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Take: The Jaguars should, and will, draft Brian Branch

Alabama’s star safety makes a lot of sense for Jacksonville at 24 overall

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NCAA Football: Sugar Bowl-Kansas State at Alabama Andrew Wevers-USA TODAY Sports

Welcome to the first edition of my “Take” series, where -- you guessed it -- I’ll be writing my takes on the Jacksonville Jaguars.

To kick it off, I’ve fully talked myself into a first-round draft prospect: Alabama safety Brian Branch.

In no particular order, Jacksonville’s biggest needs are defensive back, pass rusher, and offensive lineman. If Joey Porter Jr. or Myles Murphy or Darnell Wright are available at 24th overall, the team would probably fumble its phone around trying to call in the pick.

Let’s assume the top of the cornerback, edge, and offensive tackle classes will be gone by Jacksonville’s expected draft slot. The Jaguars would have to reach a bit on a second-tier, premium-position player (e.g., Cam Smith, Will McDonald IV, Anton Harrison) or go with the best available prospect (e.g., Quentin Johnston, Bryan Bresee, O’Cyrus Torrence).

One of the latter options could be Brian Branch. He’s admittedly small, an unspectacular athlete, and doesn’t play an esteemed position, which doesn’t sound like a first round profile. But a) this draft class stinks and b) Branch is a good football player. The Jaguars need more of those, and despite his flaws on paper, the All-American safety is special on the field.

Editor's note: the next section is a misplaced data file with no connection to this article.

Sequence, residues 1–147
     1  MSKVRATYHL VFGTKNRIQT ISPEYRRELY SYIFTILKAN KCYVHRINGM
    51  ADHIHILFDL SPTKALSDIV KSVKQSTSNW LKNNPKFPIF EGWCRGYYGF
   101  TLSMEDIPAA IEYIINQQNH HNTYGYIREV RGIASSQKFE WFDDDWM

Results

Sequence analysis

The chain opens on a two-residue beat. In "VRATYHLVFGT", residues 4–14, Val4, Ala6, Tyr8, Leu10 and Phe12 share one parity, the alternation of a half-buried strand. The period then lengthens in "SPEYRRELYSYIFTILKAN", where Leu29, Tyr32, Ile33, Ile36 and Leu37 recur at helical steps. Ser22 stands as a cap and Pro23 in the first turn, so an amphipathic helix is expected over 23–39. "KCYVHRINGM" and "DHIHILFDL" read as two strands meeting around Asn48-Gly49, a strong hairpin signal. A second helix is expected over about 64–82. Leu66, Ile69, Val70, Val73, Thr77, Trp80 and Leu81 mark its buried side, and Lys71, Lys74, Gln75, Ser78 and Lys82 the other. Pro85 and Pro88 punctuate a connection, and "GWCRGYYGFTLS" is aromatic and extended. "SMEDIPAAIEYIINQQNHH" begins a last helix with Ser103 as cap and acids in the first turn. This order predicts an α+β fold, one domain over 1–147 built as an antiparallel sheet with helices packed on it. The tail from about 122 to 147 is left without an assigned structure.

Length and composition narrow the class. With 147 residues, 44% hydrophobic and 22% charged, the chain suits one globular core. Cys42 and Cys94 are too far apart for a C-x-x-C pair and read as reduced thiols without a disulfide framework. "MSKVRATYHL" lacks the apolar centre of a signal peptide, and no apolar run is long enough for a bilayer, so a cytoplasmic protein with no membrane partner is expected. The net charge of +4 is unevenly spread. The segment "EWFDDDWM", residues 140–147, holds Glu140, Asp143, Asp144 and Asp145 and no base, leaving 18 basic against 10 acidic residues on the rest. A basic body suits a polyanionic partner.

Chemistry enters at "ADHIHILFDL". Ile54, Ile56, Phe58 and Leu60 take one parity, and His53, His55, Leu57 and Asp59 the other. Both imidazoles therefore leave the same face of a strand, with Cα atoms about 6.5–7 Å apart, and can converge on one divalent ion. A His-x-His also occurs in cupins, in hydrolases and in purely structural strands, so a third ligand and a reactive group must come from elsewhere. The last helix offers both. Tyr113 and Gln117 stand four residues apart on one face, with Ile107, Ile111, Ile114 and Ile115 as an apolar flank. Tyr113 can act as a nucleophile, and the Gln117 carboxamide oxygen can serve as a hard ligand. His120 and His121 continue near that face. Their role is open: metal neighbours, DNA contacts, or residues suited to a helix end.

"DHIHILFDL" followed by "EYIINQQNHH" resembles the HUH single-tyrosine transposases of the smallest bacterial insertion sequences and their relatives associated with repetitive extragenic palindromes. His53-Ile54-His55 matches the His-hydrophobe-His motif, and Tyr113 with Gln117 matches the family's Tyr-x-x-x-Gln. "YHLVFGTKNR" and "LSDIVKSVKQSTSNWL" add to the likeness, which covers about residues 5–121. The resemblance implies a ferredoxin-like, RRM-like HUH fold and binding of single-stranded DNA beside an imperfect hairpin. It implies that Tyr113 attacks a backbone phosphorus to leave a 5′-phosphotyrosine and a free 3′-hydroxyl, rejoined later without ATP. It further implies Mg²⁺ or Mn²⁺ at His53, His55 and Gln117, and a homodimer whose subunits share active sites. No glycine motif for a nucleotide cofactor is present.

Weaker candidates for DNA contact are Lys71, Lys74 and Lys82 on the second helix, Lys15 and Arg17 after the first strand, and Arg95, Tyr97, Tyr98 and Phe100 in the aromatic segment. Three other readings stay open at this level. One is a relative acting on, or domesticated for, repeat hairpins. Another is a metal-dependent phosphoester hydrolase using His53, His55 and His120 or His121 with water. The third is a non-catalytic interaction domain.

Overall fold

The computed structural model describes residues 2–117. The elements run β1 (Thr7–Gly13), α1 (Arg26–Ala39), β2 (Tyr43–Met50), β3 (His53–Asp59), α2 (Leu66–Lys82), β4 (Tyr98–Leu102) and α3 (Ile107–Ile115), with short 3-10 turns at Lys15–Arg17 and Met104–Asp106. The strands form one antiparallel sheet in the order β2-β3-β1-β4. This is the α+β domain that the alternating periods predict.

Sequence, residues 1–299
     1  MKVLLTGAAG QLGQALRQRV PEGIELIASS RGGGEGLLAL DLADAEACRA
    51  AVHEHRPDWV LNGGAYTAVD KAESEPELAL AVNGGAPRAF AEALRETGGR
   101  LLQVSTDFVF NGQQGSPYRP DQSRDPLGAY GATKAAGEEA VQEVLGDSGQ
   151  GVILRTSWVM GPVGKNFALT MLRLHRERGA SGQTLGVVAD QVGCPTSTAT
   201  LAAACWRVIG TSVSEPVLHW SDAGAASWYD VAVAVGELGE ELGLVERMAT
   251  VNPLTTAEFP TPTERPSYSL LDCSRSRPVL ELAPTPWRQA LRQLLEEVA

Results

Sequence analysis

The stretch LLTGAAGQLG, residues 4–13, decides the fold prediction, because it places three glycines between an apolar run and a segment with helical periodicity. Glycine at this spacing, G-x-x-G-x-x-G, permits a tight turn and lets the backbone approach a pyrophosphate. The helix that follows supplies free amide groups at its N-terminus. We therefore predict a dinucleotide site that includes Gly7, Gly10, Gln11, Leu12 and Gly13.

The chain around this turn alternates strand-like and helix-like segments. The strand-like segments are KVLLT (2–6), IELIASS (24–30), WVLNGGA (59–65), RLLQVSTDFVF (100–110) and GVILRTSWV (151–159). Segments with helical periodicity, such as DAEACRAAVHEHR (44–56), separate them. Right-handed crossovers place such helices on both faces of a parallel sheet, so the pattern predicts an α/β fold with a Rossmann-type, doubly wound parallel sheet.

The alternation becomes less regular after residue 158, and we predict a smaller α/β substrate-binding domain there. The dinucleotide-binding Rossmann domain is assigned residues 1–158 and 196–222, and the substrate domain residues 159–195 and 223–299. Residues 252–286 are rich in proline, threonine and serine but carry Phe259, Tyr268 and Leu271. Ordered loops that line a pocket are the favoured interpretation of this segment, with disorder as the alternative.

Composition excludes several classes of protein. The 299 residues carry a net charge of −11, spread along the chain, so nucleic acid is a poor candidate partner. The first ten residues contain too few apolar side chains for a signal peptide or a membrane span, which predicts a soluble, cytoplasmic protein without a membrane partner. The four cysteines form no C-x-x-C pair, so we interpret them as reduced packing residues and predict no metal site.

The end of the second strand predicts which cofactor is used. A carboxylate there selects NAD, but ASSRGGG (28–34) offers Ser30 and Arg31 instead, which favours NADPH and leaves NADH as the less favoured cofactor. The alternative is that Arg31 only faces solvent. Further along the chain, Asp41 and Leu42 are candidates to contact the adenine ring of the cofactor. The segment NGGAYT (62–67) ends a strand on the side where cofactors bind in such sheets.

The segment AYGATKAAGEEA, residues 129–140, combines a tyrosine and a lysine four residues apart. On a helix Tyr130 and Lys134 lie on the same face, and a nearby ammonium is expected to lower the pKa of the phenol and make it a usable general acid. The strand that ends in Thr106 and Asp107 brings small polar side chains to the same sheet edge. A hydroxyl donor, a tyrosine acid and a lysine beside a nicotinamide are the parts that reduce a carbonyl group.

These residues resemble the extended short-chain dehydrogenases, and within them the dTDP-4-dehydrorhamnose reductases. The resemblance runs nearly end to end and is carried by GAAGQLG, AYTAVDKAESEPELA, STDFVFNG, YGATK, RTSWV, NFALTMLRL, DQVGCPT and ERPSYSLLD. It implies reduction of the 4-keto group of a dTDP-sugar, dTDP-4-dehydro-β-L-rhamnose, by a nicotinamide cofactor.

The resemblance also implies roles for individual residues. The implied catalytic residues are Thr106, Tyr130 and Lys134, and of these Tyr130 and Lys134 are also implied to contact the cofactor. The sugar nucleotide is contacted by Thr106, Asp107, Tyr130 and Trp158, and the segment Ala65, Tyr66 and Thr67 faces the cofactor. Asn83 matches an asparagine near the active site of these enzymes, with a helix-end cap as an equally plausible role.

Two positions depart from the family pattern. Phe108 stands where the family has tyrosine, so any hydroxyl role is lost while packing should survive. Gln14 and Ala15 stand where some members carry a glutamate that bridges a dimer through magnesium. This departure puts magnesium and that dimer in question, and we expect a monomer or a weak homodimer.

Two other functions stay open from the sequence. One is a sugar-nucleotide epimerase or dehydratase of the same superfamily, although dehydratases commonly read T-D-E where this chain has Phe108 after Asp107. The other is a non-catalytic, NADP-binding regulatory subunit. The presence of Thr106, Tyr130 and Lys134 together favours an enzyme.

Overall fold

He’d also happen to address the team’s biggest weakness. Jacksonville couldn’t defend passes over the middle with any consistency last season, and it isn’t set up to this year, either. Nickel corner could use the biggest short-term upgrade, and the linebacker and safety rooms are adequate at best in coverage.

Branch, who primarily played in the slot for the Tide, would bring much-needed coverage abilities to the middle of Jacksonville’s defense.

Coaches want slot defenders who they can trust against the run, and Branch fits that gap. Pro Football Focus credited the three-year Crimson Tide starter with just four missed tackles on 174 career attempts and gave him the highest tackling grade among all defensive backs entering the draft. Jacksonville’s defense had more missed tackles than all but five teams in 2022.

The Jaguars also struggled to finish sacks last season, as they finished near the top of the league in pressures but closer to the bottom in sacks. Branch would mainly help out the pass rush by providing sound coverage on the back end, but he could also get after opposing passers himself. Second-level rushers are tasty ingredients to throw into blitz concoctions.

Is it reckless to compare him to Von Miller? Can’t say for sure.

Nick Saban’s former chess piece was “the only FBS player with 90-plus tackles, 14.0-plus tackles for loss and at least two interceptions” last year, per Dane Brugler of The Athletic.

Defensive coordinator Mike Caldwell could deploy Branch in Jacksonville similar to how his former coaching mentor Todd Bowles schemes up Antonie Winfield Jr. in Tampa Bay -- as in, all over the damn place.